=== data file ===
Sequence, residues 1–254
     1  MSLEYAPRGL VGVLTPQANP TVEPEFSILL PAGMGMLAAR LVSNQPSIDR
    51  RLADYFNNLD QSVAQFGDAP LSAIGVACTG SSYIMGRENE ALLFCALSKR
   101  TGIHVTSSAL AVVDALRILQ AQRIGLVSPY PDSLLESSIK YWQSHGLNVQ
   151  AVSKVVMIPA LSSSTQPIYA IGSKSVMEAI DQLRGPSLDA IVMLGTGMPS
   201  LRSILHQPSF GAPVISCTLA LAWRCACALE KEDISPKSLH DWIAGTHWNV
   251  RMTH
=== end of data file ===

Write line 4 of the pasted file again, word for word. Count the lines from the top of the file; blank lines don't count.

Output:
   101  TGIHVTSSAL AVVDALRILQ AQRIGLVSPY PDSLLESSIK YWQSHGLNVQ